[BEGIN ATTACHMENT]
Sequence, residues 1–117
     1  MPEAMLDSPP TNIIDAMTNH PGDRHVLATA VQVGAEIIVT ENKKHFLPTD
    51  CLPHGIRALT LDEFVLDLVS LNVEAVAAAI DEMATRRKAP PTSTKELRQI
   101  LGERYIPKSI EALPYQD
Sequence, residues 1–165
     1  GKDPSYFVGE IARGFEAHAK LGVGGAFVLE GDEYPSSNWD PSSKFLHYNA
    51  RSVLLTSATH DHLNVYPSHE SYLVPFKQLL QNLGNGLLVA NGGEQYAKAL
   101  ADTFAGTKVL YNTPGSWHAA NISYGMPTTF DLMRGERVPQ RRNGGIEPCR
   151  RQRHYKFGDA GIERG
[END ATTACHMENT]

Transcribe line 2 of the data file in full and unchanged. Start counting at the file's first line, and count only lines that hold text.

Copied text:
     1  MPEAMLDSPP TNIIDAMTNH PGDRHVLATA VQVGAEIIVT ENKKHFLPTD